The Rays took advantage of the market glut in sluggers with bad defensive profiles and scored a major bargain in signing Pat Burrell.
Burrell becomes their full-time DH, providing power as well as needed plate discipline, with Matt Joyce platooning with someone like Fernando Perez (a switch-hitter who can also back up center) or Willy Aybar (another switch-hitter who can fake a few infield positions). The Rays received next to nothing last year from their DHs -- a motley crew headed by Cliff Floyd. If avoiding the field keeps Burrell from wearing down over the course of 2009, this could be a two-win upgrade for Tampa Bay. It also increases the Rays' chances to boost their runs scored enough to make up for some likely regression in their runs allowed total.
Between this acquisition and the trade for Joyce, Gabe Gross appears to be out of a roster spot, and Tampa's lineup is complete, with no obvious weakness anywhere on the diamond.
If you're looking for a negative here, Burrell is the type of player who does not age well -- he has "old man's skills," meaning power and patience, but is a poor defender and is a 20 runner on the 20-80 scale. He faded very badly down the stretch last year, hitting .191/.295/.365 in August and September amid rumors that he was playing through a foot injury, although the finalization of this contract indicates that he checked out physically.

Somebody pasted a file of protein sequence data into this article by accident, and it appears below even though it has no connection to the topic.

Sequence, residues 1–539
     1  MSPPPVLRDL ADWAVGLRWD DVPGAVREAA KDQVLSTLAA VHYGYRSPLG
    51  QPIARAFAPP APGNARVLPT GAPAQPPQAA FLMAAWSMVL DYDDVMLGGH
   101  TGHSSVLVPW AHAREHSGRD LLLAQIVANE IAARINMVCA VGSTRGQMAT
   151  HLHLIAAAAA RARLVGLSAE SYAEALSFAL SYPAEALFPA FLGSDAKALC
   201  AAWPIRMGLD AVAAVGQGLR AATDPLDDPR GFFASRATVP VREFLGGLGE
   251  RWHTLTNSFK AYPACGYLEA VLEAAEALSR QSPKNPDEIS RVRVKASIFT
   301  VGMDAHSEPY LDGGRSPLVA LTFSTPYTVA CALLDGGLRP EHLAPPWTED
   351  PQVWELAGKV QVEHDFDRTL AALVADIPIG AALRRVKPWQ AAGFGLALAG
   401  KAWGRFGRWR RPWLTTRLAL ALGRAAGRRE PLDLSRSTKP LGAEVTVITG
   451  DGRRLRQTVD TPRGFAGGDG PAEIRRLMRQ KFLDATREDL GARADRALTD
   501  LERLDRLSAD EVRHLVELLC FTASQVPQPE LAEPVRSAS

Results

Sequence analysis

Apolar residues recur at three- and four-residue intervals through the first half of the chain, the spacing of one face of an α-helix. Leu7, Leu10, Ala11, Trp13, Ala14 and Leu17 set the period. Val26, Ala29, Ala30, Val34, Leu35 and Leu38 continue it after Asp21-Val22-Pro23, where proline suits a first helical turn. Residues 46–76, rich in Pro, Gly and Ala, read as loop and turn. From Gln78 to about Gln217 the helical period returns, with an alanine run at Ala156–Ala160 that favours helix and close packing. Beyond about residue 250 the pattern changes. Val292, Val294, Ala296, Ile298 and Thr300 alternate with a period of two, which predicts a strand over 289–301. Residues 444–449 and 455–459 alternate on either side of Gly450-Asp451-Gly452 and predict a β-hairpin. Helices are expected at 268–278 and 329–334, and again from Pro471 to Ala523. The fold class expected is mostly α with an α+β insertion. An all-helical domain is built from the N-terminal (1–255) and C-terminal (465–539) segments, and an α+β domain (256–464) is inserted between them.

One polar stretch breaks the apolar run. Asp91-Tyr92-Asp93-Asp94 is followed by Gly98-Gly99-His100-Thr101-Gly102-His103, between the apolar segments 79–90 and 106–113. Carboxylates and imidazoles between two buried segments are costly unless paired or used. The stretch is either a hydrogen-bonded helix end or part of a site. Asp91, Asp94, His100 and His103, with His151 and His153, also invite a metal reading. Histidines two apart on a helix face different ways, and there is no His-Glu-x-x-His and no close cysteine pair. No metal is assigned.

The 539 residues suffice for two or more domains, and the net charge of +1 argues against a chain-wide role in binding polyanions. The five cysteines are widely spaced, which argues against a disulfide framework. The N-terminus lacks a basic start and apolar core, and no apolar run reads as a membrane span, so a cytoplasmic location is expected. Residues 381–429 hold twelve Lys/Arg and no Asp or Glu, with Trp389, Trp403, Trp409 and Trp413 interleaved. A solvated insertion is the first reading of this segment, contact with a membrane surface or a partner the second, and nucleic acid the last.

Compare this to the deal the Phillies, who let Burrell walk without offering him arbitration, gave Raul Ibanez: one extra year at a marginal cost of $14 million as well as the loss of their first-round draft pick, for a player four years older and worse defensively. It also resets the market for this type of player (all bat, little or no glove, no speed) to something more reflective of the supply (deep, with Adam Dunn and Jason Giambi still available) and demand (shallow), which would indicate that Ibanez's deal will continue to stand out as high in dollars and years for a player who was not the best in his class this winter.